• Recommendations for Business Source ● 3 or 5 year before it becomes open source. > Depends on how long you have between releases and how good your investors are. ● Target that 1/100 or 1/1000 should have to pay. > The bigger your 'free community' is, the more benefit you get from it. ● Free version and commersal version should have identical source code and tools. > Do NOT try to combine this with open core or closed source. Instead tune the Business Source license so that it can generate the income you need to succeed.
  • Business Source Resources and background ● ● ● ● ● Created around 2004 by David Axmark and Monty First news article about it (with lot's of comments): > Published in Overview at Fred Trotter is doing something similar >
  • Business Source Lots of confusion ● Discussed on Slashdot: > ● 5/monty-suggests-a-business-friendly-license-thattrends-open Lots of confused people about the intention: > > ness-source-Is-it-really-open-source-at-this-pointMonty-Widenius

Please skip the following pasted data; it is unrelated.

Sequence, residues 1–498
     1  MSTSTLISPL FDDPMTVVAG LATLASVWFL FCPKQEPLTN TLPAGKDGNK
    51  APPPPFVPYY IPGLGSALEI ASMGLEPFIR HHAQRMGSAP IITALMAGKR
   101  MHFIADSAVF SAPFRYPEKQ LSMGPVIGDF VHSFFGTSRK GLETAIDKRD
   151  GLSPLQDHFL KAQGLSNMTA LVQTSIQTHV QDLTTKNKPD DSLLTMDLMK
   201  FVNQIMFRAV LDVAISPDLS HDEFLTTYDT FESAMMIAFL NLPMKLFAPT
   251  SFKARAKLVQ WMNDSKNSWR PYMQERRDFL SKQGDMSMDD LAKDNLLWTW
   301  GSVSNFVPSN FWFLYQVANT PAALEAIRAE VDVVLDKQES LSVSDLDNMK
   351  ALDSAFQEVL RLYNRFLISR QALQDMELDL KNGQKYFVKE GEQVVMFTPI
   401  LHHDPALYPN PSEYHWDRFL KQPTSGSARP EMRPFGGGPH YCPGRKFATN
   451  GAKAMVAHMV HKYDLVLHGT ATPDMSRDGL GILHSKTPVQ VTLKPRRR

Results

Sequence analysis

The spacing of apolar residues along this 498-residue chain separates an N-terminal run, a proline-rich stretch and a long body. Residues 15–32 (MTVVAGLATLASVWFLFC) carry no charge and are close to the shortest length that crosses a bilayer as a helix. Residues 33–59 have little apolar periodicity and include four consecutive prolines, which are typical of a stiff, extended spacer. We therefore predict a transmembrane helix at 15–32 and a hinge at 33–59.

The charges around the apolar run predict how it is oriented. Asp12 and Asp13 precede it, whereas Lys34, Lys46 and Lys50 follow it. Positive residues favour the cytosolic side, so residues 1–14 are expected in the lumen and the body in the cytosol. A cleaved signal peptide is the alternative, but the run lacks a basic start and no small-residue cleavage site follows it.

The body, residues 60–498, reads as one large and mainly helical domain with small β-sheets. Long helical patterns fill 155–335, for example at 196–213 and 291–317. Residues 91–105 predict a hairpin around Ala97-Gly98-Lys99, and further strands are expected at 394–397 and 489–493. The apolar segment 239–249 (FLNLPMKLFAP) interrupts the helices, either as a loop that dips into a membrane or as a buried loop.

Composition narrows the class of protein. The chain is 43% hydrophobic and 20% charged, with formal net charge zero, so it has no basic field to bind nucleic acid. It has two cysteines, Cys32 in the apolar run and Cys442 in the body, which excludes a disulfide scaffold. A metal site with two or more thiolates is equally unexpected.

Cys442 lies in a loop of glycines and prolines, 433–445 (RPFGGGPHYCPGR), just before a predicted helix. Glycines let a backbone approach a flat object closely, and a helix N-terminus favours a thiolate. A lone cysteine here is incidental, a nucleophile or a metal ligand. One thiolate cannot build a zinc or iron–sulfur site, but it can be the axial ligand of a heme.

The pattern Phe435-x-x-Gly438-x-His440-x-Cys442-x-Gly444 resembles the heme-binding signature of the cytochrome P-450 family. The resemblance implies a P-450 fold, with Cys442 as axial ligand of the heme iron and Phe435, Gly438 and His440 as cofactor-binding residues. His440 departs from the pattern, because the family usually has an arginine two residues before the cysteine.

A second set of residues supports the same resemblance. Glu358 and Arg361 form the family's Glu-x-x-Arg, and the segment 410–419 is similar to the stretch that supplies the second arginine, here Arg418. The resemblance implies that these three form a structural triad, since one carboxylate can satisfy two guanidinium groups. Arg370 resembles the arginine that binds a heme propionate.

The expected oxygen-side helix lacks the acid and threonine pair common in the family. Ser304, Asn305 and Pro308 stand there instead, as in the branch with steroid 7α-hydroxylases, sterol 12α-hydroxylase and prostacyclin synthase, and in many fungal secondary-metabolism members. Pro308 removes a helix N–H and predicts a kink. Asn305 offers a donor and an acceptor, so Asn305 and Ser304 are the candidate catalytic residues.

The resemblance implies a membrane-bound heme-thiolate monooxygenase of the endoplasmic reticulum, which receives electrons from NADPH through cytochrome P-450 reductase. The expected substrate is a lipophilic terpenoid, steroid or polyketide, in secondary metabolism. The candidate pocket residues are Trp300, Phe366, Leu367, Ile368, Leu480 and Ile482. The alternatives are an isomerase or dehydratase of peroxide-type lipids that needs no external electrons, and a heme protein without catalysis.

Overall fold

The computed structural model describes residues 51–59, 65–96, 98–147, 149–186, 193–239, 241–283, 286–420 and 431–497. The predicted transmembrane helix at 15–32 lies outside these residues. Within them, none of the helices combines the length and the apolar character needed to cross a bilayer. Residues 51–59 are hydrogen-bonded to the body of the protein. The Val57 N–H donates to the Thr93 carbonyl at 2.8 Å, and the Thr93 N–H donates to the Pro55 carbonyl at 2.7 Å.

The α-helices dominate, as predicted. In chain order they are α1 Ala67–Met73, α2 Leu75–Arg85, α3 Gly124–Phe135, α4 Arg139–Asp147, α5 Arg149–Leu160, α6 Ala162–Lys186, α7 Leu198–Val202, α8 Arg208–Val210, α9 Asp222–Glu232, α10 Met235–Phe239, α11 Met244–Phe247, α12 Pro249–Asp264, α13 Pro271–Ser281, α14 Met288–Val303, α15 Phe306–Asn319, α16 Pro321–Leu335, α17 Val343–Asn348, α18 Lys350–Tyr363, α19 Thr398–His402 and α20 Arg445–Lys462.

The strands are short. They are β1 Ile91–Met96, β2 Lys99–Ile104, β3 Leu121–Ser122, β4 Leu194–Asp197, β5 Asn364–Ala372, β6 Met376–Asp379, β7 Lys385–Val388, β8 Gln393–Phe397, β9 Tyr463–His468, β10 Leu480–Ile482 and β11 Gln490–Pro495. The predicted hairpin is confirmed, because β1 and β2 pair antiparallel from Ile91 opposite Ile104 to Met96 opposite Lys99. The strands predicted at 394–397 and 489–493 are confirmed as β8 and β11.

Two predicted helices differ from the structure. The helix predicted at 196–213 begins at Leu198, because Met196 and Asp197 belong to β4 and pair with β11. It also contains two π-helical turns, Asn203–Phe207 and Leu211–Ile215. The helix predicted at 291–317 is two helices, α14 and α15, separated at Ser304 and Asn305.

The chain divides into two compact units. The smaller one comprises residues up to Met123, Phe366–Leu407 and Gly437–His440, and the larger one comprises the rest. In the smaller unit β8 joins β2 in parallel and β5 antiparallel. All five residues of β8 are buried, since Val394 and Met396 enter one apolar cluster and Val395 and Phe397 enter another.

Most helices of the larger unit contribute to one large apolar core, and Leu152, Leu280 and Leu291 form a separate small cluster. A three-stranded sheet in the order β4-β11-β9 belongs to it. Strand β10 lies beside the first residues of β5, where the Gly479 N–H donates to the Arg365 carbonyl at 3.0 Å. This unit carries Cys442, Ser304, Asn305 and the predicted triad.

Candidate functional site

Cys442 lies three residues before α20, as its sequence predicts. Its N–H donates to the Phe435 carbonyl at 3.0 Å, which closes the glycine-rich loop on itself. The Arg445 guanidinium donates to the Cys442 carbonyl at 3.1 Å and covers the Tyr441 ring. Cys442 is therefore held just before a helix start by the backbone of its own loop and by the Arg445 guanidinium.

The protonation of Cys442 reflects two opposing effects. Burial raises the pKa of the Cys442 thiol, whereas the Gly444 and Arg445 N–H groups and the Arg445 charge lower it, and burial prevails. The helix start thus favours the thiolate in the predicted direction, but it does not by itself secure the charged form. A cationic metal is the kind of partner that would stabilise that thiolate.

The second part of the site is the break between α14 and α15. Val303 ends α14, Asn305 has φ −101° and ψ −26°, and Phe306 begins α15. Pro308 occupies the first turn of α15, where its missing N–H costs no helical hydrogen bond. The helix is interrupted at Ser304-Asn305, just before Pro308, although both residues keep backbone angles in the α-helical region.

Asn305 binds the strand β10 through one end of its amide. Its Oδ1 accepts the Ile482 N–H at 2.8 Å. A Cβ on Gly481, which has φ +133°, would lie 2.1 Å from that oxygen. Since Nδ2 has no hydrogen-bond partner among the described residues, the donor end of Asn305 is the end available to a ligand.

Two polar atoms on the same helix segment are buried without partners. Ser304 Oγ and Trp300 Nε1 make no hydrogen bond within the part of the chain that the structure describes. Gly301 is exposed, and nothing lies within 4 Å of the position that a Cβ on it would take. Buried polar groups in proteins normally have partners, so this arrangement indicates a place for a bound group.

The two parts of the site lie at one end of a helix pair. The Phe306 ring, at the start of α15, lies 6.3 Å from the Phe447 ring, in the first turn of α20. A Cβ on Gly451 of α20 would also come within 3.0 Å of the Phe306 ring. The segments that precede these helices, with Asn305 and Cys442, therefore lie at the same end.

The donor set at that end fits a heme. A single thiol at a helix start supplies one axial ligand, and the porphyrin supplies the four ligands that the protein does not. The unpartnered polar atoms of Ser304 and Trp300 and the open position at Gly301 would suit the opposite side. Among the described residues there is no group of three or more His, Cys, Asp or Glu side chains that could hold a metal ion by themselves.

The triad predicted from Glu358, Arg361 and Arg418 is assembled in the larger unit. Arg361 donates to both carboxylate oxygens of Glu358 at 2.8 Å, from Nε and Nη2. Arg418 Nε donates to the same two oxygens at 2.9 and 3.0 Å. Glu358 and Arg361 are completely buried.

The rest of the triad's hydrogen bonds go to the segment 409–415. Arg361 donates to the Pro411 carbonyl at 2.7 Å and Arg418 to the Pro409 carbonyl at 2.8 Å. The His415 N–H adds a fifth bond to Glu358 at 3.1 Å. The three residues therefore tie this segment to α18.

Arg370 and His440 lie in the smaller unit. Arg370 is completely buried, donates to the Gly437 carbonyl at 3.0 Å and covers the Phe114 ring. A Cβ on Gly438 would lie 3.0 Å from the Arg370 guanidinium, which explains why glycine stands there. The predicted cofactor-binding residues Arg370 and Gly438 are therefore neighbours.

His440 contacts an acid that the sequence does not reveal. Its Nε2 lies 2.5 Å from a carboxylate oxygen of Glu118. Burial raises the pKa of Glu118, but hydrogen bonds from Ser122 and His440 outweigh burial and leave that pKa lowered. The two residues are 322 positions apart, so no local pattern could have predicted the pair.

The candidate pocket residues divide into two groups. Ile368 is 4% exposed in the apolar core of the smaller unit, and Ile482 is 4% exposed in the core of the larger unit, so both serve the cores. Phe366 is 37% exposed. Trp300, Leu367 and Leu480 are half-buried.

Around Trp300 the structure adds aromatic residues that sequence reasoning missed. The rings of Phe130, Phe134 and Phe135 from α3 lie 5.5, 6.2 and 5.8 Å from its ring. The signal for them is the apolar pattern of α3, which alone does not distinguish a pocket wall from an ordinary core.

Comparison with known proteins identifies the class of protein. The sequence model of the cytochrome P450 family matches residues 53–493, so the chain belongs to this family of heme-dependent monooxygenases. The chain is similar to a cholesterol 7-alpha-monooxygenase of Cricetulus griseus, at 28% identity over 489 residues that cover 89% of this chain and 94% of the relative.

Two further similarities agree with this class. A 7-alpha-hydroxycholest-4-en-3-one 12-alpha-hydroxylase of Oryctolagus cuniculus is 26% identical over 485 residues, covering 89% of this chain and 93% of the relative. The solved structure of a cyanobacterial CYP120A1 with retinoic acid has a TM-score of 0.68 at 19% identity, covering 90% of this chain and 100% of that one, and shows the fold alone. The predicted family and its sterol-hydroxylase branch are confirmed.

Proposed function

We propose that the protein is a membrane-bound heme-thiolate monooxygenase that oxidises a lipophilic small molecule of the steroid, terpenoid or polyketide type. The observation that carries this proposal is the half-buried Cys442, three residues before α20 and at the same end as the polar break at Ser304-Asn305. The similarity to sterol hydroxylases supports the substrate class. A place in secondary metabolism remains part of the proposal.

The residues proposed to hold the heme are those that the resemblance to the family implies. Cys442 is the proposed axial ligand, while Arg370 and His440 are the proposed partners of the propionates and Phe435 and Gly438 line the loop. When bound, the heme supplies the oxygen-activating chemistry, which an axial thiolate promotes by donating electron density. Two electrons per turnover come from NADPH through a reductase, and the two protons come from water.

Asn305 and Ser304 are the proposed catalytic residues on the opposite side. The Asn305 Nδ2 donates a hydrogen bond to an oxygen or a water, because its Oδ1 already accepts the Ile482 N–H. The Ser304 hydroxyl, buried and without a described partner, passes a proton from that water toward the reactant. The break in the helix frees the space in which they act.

• The importance of selling licensing ● ● MySQL would never have been possible without licenses. Very hard to get companies to pay for support or development > Companies expect to use open source for free > ● ● Exception is companies you work with to develop the open source project Subscriptions are good, but also hard to sell Licensing is “free money” for the project > You need one entity that holds the copyright to the whole project or use SAAS (Software as a service) > You need to be able to dual license your project > Your project is an infrastructure project that is usually embedded into others.
  • Business differences between MySQL and MariaDB ● ● ● ● ● MySQL Ab made money on services (support, training, paid for development) and dual licensing. Designed to be able to take investors. MySQL was mainly developed by one company. MariaDB has companies like SkySQL that does services around it. MariaDB Foundation gets donations to drive MariaDB development with the community. A lot of development on MariaDB is done by SkySQL, but there is also a lot of community development, (Google, Taobao, ...)
  • The end